If the name of Sonia Braga fails to ring any bells with you, hang about for a while. It will. And quite soon, according to the critics.
When her movie "I Love You" was shown at Cannes four years ago, the critic from Newsweek was so bowled over that he penned a paean of praise that has yet to be equaled.
"The festival revealed the most life-enhancing movie star in the world to be Brazil's Sonia Braga," he wrote. "She becomes something brand-new on the screen, the first true post-Sophia Loren star, a woman of blazing beauty and energy with a courageous sexual explicitness. . . ."
Cap that if you can.
This life-enhancing movie star was in town the other day talking about her latest movie, Hector Babenco's "Kiss of the Spider Woman," in which she stars with William Hurt and Raul Julia. (It opens in Westwood Friday.)
And moving about like a malcontented cat on the sofa of her hotel suite, flashing her protean eyes, semaphoring her meaning with her hands, barefoot and clad just in a pink jump suit, her dark hair cascading to her waist, her lipsticked mouth like a target ringed on a war map, it was clear that she doesn't have to try too hard to make an impression.
"Wasn't that wonderful of him (the Newsweek critic) to write that about me?" she said. "At the time, my English was not so good, so it had to be read to me when I got back from Cannes. I was so thrilled, so proud to be Brazilian."
Of course, discerning critics have been paying attention to this 5-foot-3, 35-year-old actress ever since she appeared in Bruno Barreto's 1978 movie "Dona Flor and Her Two Husbands," a movie that outgrossed "Jaws" in Brazil and made many Americans aware for the first time of that country's growing movie industry. When she made "Gabriela" with Marcello Mastroianni, based on Jorge Amado's best seller, she won even more admirers. One of them was Mastroianni, who decided, on reflection, that she was "much woman."
And "much woman" is Mastroianni's highest accolade for the female sex, the equivalent of a 9 on anyone's scale.
By this time it was not just critics who were singing her praises. Arnold Jabor, who directed her in "I Love You," waxed equally lyrical whenever asked.
"She is one of the rare actresses in the history of cinema to combine great acting ability with an overpowering sexual presence," he said. "She has a silver nitrate soul." Coming from a director she respected--even if she did have to fight with him to get to see the dailies of "I Love You"--that was almost as good as being called "life enhancing."
But "Kiss of the Spider Woman," her first movie filmed in English, is the one that could propel this animated actress onto the international scene. She says she is happy enough to be a name in Brazil but, with the cruzeiro skidding daily, she agrees it would be nice to be paid in dollars. And her English is now good enough.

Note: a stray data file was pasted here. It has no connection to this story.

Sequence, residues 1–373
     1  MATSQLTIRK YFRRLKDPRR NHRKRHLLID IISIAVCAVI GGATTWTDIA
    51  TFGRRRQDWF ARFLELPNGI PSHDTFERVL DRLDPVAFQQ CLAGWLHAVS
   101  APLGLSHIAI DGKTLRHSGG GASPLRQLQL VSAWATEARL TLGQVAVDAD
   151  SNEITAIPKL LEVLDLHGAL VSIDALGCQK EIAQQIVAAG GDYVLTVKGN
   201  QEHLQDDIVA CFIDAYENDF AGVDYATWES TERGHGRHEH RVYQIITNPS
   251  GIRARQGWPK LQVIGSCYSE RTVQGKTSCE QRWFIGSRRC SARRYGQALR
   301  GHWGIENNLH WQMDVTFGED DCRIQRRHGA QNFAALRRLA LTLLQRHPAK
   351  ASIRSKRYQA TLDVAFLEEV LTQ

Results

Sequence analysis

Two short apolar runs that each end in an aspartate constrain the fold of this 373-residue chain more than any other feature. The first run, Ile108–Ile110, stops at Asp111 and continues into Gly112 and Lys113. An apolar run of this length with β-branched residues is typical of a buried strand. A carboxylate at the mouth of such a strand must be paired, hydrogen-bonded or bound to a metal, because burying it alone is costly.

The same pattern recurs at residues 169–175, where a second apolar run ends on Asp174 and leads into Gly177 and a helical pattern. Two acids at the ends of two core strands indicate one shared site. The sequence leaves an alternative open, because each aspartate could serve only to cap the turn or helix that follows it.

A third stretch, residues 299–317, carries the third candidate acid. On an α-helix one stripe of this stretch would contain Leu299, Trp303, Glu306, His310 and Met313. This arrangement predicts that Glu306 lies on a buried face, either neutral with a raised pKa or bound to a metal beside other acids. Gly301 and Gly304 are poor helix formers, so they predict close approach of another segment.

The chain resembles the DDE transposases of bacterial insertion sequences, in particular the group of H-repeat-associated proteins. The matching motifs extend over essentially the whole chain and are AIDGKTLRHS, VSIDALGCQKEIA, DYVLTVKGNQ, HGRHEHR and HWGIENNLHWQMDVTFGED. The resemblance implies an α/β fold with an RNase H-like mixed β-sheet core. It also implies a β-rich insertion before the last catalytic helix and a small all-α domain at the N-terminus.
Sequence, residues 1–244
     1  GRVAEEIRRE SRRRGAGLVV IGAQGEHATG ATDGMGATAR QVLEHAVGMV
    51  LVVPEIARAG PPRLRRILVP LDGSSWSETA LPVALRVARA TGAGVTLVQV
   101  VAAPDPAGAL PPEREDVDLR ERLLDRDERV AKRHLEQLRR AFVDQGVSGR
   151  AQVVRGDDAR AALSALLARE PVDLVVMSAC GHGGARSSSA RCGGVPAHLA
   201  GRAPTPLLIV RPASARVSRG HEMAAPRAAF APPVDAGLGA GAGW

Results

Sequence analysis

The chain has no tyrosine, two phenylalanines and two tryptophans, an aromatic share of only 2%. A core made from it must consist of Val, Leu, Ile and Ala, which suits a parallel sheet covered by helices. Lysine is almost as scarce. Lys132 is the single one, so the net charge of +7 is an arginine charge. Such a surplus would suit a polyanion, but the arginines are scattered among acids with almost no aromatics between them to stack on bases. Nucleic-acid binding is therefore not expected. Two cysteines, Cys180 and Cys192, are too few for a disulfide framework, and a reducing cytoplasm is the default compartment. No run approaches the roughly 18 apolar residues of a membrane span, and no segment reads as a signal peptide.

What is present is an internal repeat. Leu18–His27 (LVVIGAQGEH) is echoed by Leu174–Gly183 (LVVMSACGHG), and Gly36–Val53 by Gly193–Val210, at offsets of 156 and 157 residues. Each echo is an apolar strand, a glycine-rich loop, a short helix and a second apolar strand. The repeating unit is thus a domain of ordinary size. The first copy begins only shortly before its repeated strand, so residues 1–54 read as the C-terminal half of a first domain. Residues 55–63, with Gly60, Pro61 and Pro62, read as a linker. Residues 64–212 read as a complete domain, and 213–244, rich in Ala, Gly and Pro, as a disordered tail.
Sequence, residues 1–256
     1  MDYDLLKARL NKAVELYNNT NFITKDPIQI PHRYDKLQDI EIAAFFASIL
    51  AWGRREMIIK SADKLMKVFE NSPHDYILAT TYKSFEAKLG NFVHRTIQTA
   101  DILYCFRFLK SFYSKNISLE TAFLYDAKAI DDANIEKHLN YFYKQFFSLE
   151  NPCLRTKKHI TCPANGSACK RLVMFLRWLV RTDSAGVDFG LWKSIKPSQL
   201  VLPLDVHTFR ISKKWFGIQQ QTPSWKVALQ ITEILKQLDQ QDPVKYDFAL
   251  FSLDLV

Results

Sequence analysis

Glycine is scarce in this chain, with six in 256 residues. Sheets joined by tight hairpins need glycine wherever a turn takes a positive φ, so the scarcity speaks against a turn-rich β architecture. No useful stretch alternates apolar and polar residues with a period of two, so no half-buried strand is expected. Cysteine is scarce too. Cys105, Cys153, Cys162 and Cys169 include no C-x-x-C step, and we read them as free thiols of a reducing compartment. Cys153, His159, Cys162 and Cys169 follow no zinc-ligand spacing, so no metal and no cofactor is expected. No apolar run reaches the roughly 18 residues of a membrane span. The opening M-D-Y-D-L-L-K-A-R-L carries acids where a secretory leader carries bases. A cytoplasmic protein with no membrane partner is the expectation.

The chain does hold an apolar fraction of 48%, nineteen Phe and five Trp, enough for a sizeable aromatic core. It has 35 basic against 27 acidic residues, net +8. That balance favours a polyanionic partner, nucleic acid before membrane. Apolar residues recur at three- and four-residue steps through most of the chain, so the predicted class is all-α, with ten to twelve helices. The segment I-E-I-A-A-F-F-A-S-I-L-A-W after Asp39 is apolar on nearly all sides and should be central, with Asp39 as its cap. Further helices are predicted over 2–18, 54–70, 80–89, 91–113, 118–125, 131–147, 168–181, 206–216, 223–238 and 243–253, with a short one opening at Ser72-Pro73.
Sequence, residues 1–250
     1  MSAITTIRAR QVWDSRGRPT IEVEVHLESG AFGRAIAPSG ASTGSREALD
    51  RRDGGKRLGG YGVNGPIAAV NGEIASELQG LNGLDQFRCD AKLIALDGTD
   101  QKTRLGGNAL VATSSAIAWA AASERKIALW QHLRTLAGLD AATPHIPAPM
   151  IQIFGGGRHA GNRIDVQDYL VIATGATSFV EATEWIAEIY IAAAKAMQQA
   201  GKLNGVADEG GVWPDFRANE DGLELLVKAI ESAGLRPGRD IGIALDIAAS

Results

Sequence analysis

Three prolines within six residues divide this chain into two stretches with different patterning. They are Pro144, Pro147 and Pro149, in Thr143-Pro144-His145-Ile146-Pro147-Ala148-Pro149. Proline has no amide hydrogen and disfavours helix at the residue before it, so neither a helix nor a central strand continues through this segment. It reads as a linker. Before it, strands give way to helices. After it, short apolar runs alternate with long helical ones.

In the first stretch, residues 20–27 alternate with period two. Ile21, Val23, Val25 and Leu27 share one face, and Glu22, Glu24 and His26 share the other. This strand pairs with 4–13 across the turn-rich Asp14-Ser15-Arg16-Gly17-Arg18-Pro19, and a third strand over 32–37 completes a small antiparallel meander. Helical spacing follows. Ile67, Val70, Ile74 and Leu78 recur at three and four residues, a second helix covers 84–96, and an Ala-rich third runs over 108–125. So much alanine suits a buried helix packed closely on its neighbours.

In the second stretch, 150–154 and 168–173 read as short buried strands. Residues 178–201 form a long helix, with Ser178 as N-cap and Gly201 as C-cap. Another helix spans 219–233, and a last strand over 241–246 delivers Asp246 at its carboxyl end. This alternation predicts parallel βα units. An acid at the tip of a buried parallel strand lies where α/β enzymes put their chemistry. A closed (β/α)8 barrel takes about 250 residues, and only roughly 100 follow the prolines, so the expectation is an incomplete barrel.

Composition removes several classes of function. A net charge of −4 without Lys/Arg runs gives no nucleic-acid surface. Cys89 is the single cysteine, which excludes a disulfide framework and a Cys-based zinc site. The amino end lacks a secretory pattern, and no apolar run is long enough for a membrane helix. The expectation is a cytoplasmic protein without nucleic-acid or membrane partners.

"When I made 'Kiss of the Spider Woman,' I still couldn't speak it well," she said. "Sometimes I would say a line and wonder, 'What does it mean?' Now I feel much more secure."
Because Sonia Braga is a serious actress, the fact that she has in the past posed nude for Playboy confuses some people.
Has she any regrets?
"No. Why?" she asked, apparently surprised at the question. "In Brazil, it is not unusual to do that if you are a singer or an actress. If you are asked to do it, as I was, why not? I am not ashamed of my body. . . ."
She never has been, it soon becomes clear. When she was in the chorus of "Hair" in Sao Paulo, she was nude onstage and one of the first people to applaud was her grandfather. She was then 18.
"Sooner or later, everyone asks me about sex," she said. "I didn't invent it, but I think it healthy to talk about it. That does not mean I'm not shy. I am. If I'm in love with someone, I often find it very difficult to express myself, to find the right words. But when the camera is on me, everything changes. ("It does," says director Jabor. "The moment the director says 'Action,' she transforms herself into a sensual, commanding personality.")
Braga is immensely proud of her work in "Kiss of the Spider Woman," a complex and involved story of friendship and love that explores the relationship between two men in a South American prison cell--Valentin, played by Raul Julia, and Molina, played by William Hurt, named best actor at Cannes this year. (Burt Lancaster, originally asked to play the role, had to withdraw due to illness.)
Molina, a gay window dresser, entertains his friend, a political prisoner, with fanciful narratives drawn from some of his favorite old movies--and it is in these fantasies that Braga appears.
"When I first read the book (by Manuel Puig), I loved it," she said. "I realized that here was a man who placed men and women on the same level. And the play (which was staged with great success both in Rio and Sao Paulo) was a success. So when Hector Babenco came to me and offered me a role in the film, I was delighted. At first, he wanted me to play just one part, that of Marta (Julia's ex-girlfriend), but later he decided I should play all three." (The other two are the Spider Woman, a fantasy figure, and a chanteuse in the film within the film.)
The movie, for her, is something of a family affair. Her mother, Zeze Braga, made all her clothes for the film and her sister, Ana Maria Braga, has a small role in it.
The film, produced by David Weisman, has already opened well in New York, and Braga confesses that she has high hopes for it.
"It is enough in some ways to be well known in Brazil," she said. "But it would be nice to be known internationally too. That may take some getting used to, of course. I was on the jury of the recent Tokyo Film Festival and sitting there with producers like David Puttnam, I kept looking around and thinking, "What am I doing here, a little girl from the South of Brazil?' Really, you know, it was a bit overwhelming."